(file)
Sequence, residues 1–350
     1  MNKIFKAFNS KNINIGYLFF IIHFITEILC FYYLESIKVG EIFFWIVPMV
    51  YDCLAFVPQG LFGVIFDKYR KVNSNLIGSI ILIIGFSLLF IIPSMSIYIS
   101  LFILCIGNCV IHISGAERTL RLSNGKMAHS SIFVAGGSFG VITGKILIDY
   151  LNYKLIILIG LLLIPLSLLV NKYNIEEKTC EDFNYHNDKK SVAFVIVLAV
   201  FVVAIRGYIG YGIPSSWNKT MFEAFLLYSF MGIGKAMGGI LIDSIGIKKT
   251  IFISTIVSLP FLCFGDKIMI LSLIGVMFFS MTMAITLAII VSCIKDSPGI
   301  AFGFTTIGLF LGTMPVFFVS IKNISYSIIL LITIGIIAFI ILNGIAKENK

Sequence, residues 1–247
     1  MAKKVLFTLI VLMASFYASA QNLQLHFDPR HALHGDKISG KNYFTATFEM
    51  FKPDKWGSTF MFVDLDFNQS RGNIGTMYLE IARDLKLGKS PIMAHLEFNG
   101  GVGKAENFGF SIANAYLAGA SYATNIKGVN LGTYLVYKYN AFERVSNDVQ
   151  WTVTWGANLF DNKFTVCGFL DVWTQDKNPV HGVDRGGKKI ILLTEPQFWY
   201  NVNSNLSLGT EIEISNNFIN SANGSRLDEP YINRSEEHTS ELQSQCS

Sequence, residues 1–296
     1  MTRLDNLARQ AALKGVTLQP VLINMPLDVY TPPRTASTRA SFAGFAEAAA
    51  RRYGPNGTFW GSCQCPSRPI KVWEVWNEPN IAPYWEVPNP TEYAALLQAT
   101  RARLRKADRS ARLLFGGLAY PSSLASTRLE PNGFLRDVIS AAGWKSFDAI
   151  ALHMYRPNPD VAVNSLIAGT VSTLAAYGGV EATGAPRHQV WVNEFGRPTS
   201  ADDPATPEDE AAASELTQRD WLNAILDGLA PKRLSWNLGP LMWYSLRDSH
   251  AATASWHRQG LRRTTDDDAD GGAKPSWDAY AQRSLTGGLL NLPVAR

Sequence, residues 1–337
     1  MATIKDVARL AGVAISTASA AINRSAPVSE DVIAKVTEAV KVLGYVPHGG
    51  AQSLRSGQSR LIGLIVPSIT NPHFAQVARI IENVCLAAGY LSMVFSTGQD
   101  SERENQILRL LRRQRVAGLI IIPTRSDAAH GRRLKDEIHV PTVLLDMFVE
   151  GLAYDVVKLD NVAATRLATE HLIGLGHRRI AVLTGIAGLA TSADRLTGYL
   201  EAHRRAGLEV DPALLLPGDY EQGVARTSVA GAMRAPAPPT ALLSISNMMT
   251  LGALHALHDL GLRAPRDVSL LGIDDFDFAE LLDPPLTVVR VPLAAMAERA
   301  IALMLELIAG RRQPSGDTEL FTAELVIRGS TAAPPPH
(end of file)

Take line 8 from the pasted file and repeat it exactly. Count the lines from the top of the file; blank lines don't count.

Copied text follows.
   301  AFGFTTIGLF LGTMPVFFVS IKNISYSIIL LITIGIIAFI ILNGIAKENK